What if I told you that algorithms and derivatives are as much at the heart of how humans prepare for their financial future as they are for bees preparing for their seasonal future? What if I told you that the dominant strategies for human discretionary investing are, without exception, algorithms and derivatives? And what if I told you that these algorithms and derivatives were perhaps “evolved” under a “benign” configuration of the Three-Body Problem that not only might never repeat, but in fact is certain to never repeat because it is a chaotic system?

I’ll give you two examples of influential investment algorithms/derivatives. There are many more.

GOOD COMPANIES => GOOD STOCKS

GOOD COUNTRIES => GOOD GOVERNMENT BONDS

These are the central tenets of stock-picking and sovereign bond-picking, respectively. In both cases, goodness (like beauty) is in the eye of the beholder, so I’m not saying that there is some single standard for what makes a “good” company or what makes a “good” set of macroeconomic policies. What I’m saying is that everyone reading this note (including me!) believes that there is a direct relationship between the quality of a company or an economy (however you define quality) and the future price of whatever stocks or bonds are connected to that company or economy. What I’m saying is that everyone reading this note believes that tracking the measurable quality of a company or an economy (the derivative) according to some standardized and repeatable process (the algorithm) will, over time, have a predictive correlation with the future price of the related stock and bond securities (the underlying).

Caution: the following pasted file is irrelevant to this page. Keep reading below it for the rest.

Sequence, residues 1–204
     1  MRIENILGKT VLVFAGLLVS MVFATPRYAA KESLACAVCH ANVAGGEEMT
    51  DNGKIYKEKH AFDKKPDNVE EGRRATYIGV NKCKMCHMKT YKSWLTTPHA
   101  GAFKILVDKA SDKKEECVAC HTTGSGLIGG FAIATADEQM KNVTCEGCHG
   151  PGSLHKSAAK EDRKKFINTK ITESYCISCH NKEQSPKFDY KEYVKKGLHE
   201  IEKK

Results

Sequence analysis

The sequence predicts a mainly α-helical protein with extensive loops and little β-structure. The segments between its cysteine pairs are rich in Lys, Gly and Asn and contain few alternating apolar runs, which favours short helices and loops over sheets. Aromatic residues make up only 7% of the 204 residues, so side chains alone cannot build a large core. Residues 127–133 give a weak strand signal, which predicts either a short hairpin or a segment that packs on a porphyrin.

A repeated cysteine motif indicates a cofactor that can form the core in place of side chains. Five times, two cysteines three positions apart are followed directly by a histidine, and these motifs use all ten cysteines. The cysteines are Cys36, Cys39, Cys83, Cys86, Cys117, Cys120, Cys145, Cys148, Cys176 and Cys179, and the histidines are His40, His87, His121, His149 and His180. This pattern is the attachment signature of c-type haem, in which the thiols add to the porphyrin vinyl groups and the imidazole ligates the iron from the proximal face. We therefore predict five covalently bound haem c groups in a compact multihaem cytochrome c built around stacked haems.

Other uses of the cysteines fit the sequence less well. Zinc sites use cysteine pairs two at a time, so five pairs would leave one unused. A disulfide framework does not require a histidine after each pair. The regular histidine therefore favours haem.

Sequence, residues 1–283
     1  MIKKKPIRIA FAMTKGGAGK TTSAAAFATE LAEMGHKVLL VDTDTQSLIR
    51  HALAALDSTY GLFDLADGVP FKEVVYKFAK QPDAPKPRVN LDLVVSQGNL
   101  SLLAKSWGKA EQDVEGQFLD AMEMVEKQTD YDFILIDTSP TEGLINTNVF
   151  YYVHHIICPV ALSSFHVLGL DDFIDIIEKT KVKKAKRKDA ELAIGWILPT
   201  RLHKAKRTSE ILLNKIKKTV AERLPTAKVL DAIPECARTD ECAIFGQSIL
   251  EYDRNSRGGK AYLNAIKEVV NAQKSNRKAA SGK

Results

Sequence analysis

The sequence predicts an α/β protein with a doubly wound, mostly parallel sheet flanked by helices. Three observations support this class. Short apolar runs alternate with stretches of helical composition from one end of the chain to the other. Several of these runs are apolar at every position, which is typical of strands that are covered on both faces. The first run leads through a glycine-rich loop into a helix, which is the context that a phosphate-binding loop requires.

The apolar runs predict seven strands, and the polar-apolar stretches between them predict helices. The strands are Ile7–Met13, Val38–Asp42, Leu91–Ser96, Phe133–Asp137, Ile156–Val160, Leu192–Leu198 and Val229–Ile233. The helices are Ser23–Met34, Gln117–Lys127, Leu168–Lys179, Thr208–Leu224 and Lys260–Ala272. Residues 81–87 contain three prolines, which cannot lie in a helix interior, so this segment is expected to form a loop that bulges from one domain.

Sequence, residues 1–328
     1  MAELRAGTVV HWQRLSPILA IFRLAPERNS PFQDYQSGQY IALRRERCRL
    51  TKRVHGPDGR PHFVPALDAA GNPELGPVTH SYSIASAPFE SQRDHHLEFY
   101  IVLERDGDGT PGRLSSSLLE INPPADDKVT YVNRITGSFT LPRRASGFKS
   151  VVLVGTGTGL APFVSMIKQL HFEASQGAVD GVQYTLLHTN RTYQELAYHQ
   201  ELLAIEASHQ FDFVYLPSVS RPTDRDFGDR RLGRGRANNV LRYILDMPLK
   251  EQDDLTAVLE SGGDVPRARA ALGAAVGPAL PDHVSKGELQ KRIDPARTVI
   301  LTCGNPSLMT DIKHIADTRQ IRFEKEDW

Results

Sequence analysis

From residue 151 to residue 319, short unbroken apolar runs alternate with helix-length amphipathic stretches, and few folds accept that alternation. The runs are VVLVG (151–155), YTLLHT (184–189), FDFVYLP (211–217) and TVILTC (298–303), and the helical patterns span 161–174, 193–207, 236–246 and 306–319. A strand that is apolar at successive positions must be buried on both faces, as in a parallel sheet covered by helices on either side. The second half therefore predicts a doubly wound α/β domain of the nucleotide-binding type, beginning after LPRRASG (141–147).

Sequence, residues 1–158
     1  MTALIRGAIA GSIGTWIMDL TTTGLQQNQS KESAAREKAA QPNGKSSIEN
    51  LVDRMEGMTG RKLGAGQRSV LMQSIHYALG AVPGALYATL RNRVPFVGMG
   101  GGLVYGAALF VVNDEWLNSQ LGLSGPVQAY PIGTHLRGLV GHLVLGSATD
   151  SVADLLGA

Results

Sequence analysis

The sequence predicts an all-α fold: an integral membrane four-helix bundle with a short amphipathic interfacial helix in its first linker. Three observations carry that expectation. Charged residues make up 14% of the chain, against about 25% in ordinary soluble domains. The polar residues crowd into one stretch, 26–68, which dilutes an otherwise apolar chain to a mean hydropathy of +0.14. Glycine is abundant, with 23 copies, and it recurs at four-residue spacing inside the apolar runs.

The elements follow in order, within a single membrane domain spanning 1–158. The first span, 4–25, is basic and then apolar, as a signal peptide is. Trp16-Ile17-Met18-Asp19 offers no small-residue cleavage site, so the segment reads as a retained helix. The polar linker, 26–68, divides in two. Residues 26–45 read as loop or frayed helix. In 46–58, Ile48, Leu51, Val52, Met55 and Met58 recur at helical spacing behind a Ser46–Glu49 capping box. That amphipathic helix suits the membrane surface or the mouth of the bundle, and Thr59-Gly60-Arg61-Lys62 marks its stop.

What stocks do we want to own? Why, the stocks of high quality companies, of course … companies with stellar management teams, fortress balance sheets, and wonderful products or services that everyone wants to buy. Ditto for government bonds and currencies and broad market indices and the like. Maybe it will take some time for this faith in Quality to pay off, but we all believe that it WILL pay off. It’s only natural, right? As natural as spring following winter. As natural as flowers blooming in May and snow falling in December. Maybe the flowers will bloom a few weeks late and maybe the snows will fall a few weeks early, but that’s just basis risk, and we can manage for that.

But what if spring doesn’t follow winter anymore?

Look, I’m not asking us to abandon our faith in Quality. One of the key corrolaries of the Three-Body Problem is that we don’t have to reject our belief that Objects 1 and 2 exist. We don’t have to deny our faith that the Quality-of-Companies is an actual thing and that it has a big gravitational pull on the price of stocks. We don’t have to deny our faith that the Quality-of-Governments is an actual thing and that it has a big gravitational pull on the price of government bonds.